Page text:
1839 Charles Goodyear innovates the vulcanization of rubber. Soon after, he secures patents for condoms, douching syringes and cervical caps, but is unable to manufacture them, defend all his patents, or even make tires in his lifetime.
Charles Goodyear and the Vulcanization of Rubber - Obsessive dedication transformed rubber into a viable commercial material and made the town of Naugatuck one of its leading manufacturing sites in the 1800s. - See more at: http://connecticuthistory.org/charles-goodyear-and-the-vulcanization-of-rubber/
Hair comb, 1851 I. R. Comb Co., manufacturer; Charles Goodyear (American, 1800–1860), patentee Vulcanite Vulcanite was produced by treating natural or India rubber with sulfur, then exposing it to moderate heat. The resultant material was elastic enough to be fashioned into the desired shape while warm, but became hard and durable once cooled.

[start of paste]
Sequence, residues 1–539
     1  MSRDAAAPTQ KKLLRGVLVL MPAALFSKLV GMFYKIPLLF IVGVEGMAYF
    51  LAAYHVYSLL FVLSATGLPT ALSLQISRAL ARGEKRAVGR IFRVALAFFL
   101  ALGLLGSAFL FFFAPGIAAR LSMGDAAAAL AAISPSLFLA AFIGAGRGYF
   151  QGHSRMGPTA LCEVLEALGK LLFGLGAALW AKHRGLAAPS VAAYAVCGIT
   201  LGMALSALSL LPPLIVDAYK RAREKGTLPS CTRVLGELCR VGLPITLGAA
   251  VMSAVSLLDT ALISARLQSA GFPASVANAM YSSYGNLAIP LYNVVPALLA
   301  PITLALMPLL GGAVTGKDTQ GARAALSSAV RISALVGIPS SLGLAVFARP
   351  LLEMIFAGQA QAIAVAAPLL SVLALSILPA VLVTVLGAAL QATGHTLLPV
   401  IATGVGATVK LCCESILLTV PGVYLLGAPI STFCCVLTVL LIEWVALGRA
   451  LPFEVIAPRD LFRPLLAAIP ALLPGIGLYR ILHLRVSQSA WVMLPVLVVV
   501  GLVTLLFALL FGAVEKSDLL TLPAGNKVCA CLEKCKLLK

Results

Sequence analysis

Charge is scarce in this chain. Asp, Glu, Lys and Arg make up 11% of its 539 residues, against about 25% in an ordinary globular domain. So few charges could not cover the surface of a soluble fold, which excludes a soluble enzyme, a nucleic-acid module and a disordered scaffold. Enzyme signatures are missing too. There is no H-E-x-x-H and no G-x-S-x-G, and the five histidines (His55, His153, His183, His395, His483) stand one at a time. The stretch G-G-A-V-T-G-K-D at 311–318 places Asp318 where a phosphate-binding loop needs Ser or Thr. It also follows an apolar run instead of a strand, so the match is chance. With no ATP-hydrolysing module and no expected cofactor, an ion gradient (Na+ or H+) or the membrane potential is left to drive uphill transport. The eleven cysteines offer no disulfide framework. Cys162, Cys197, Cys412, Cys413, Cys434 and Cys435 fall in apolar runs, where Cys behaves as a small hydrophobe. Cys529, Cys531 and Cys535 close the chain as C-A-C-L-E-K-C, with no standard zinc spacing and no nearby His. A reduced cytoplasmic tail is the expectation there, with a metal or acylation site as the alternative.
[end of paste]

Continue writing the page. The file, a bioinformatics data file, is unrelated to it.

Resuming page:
Grave Marker- Charles Goodyear, American inventor. Goodyear died while traveling to see his dying daughter. After arriving in New York, he was informed that she had already died. He collapsed and was taken to the Fifth Avenue Hotel in New York City, where he died. He is buried in New Haven at Grove Street Cemetery.
June 15, 1844 Charles Goodyear received a patent for a process to strengthen rubber.
1839: American inventor Charles Goodyear (1800 - 1860) demonstrating his new dry heat rubber Vulcanization process. Goodyear found that adding sulphur to latex - the goopy sap of the rubber tree - created a much firmer, more durable material, which he used to produce the first tyres and inner tubes. The process was dubbed "vulcanisation" after Vulcan, the Roman god of fire (and volcanoes), and is still used to make rubber today.